Aviation history : Flying First Over The Alps


Today, flying across the Alps is little more than a short climb followed by an easy flight looking down on the majesty of the mountains below.  Yet back in the early days of aviation, the Alps were a formidable challenge for aircraft.  Even almost a decade after the Wright Brothers first flew, the highest-flying airplanes could barely climb above 10,000 feet.


Jorge Chávez-Dartnell (also named Geo Chávez) was born in 1887 in Paris of Peruvian parents. While he was studying to become an engineer, he had been aware of the progress made in the early years of aviation. After he graduated, he began working in airplane maintenance. In 1910, he studied to become a pilot and obtained his international pilot license, which allowed him to participate in various competitions, where he attained great results. He had come rapidly to the fore in the aviation world. On 8 September 1910, he had beaten the world altitude record reaching 2652 m. aboard his new Bleriot XI monoplane when he was trying the operation of the aircraft; he would need all the height he could get to later make it safely through the Simplon Pass. It is to be reminded that, on 25 July 1909, the Blériot XI biplane gained lasting fame when Louis Blériot crossed the English Channel from Calais to Dover.


The Aero Club of Italy had offered a prize amounting to US$14,000 (70,000-lira) for the first to fly over the Simplon Pass (2009 meters) from Brig in Switzerland to Milan Taliedo (now Milano Linate Airport) in Italy, a distance of 150 km, in less than 24 hours. At the age of 23, Chávez joined the Gran Premio della Traversata delle Alpi (Crossing Alps Gran Prix) in 1910.


Several unsuccessful attempts were made by Chávez and his rivals, before the Peruvian made another attempt on Friday 23 September 1910. The weather on the Swiss side of the pass was perfect with a clear blue sky and no wind at the take-off field. Chávez left the meadow near Brig at 1:29pm in a Blériot XI monoplane; he flew over the Simplon at 6,600 feet and about 1:50pm began his approach. His plane was severely buffeted by strong winds and turbulence from the mountains. At 2:19pm, a few minutes from Domodossola in Italy where he had to refuel, Chávez’s Blériot was a mere 10 m. from the ground, lost a wing and crashed. Chávez fell receiving fatal injuries and died four days later on 27 September 1910. According to the testimony of his friend and fellow aviator Juan Bielovucic, Chávez’s dying words were reported to be Arriba, siempre arriba! (Higher, Always Higher!), which is now the motto of the Peruvian Air Force. It is believed that the airplane had been damaged previously and inadequately repaired, which caused the aircraft to break under the heavy winds of the mountains.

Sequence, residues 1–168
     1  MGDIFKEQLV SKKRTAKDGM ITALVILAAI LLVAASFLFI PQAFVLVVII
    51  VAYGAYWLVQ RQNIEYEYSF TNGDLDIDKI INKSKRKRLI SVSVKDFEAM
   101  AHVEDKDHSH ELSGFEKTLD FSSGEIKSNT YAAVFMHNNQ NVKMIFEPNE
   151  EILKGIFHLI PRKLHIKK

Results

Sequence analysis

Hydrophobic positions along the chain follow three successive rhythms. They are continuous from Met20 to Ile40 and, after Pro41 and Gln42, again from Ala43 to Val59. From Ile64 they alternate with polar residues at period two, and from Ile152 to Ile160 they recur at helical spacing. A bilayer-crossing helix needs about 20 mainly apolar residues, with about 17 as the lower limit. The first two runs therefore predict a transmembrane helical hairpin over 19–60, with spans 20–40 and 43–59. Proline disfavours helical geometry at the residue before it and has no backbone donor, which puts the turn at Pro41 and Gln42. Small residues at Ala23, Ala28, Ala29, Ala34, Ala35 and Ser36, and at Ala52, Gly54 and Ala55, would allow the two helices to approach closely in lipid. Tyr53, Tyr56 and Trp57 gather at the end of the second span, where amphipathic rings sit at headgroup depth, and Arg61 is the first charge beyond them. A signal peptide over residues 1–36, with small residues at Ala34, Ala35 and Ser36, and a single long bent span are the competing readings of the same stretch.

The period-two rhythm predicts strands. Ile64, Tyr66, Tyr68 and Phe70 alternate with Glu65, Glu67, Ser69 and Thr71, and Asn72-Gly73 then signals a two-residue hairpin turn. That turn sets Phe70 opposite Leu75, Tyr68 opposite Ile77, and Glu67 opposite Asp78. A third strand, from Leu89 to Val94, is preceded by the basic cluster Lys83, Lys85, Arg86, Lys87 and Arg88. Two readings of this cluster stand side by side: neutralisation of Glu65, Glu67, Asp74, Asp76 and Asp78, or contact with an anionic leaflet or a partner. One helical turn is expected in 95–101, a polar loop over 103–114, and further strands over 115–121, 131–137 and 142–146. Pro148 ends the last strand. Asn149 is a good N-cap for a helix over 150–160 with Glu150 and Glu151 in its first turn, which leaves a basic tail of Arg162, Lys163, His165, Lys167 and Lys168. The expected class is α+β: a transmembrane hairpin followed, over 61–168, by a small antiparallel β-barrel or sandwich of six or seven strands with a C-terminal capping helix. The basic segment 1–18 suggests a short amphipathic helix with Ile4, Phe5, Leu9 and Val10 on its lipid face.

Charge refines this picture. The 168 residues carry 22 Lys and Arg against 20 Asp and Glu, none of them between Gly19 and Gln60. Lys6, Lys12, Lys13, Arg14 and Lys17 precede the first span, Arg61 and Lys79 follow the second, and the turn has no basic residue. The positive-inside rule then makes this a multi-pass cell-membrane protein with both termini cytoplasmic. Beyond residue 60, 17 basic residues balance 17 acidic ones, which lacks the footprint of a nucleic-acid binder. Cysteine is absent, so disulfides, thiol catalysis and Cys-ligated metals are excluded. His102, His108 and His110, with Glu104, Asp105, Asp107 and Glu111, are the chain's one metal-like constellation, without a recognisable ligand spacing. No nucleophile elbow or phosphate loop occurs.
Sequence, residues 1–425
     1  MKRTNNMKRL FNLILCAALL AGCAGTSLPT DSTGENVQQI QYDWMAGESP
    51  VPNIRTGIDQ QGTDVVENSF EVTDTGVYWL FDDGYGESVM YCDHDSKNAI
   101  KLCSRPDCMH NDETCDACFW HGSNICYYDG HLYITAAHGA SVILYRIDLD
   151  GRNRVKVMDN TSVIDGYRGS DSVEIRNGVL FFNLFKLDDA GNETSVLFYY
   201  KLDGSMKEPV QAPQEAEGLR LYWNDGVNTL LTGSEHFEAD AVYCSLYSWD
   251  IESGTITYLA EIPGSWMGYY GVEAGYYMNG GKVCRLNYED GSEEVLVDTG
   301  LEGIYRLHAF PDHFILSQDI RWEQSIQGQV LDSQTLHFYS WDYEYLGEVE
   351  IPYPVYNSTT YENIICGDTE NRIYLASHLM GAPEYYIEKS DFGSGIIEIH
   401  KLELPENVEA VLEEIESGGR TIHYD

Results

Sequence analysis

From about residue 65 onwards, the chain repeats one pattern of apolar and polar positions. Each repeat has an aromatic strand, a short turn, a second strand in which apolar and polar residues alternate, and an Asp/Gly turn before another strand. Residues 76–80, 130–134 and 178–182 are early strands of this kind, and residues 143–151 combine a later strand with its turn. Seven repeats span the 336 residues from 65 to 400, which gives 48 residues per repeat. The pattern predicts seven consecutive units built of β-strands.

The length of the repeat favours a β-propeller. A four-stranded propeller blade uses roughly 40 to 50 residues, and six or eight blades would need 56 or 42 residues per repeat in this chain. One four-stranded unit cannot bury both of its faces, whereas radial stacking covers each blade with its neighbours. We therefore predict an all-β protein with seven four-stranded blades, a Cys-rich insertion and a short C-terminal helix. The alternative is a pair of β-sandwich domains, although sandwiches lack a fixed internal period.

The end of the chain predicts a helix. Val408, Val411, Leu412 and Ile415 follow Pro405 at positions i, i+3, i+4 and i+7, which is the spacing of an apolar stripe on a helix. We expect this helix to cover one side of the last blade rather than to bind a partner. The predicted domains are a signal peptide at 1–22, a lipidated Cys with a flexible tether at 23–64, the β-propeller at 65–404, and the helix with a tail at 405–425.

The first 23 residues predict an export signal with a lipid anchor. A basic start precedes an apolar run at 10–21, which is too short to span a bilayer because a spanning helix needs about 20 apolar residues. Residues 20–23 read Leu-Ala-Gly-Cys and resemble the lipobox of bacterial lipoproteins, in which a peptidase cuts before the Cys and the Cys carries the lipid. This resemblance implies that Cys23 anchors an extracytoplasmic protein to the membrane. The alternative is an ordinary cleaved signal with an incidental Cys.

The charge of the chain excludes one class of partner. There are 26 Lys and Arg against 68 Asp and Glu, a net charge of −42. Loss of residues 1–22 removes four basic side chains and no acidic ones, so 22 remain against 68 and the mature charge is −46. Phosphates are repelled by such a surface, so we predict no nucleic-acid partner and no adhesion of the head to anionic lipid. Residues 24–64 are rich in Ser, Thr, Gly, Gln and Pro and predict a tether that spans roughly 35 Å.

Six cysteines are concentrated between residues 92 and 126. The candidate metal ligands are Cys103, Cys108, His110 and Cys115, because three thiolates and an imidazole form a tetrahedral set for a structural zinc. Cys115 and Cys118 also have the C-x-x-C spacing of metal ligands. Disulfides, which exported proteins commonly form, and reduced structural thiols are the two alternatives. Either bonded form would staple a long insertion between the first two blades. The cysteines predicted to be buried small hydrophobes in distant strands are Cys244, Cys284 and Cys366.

Stamp of the series issued on 15 September 1937 for the Conferencia Técnica Interamericana de Aviación.

The Peruvian world aviation pioneer Jorge Chávez-Dartnell was the first person to fly across the Alps on 23 September 1910. As one of the earliest aviation pioneers, Jorge Chávez courageously pushed aviation technology to the limit and inspired others to follow his lead. The International Airport of Lima, inaugurated in 1960, is named after him (Aeropuerto Internacional Jorge Chávez); 23 September, the anniversary of his famous flight, is celebrated as el Día de la Aviación Nacional en el Perú.


On 13 July 1913, the Swiss pioneer Oskar Bider took off in a Blériot XI at 4 a.m. in Bern for Italy; he stopped in Domodossola for fuel as planned allowing him to carry a minimum load over the highest point of the Alps (the Jungfraujoch) and then finished his journey in Milan. He waited 13 days in Milan for good weather conditions and then flew back to Bern. Bider thus became the first aviator to cross the Alps in both directions.


On 15 September 1937, Peru issued a set of 4 stamps to commemorate the Conferencia Técnica Interamericana de Aviación, held in Lima from 15 to 27 September 1937. The town, where Chávez’s flight ended, is called Domodossola, earlier known as Domo d’Ossola (in the Ossola valley, Piemont, Italy). However, the stamp of the series showing Chávez mentions the name of Domossola, which is a misspelling of the city’s name.


Postcard showing a picture of Chavez’s Blériot XI over the Simplon on Friday 23 September 1910.



Cover addressed to Lt. Jesse G. Johnson with good-will cruise cachet.

The text on both stamps reads: JORGE CHÁVEZ  HÉROE PERUANO QUE TRASMONTÓ


It is interesting to note that, in contrast to stamp on the left, the stamp on the right (magenta, issued on 20 December 1936) correctly spells the name of Domodossala. This stamp also notes: Arriba, siempre arriba!, which means: Higher, Always Higher!.


Aviator Jorge Chávez Maximum Card.

Red circular cancel related to the Conferencia Técnica Interamericana de Aviación.

Red and white colors of the Peruvian state flag.


Cover commemorating the 50th anniversary of Oskar Bider’s crossing the Alps

in a Blériot XI on 13 July 1913.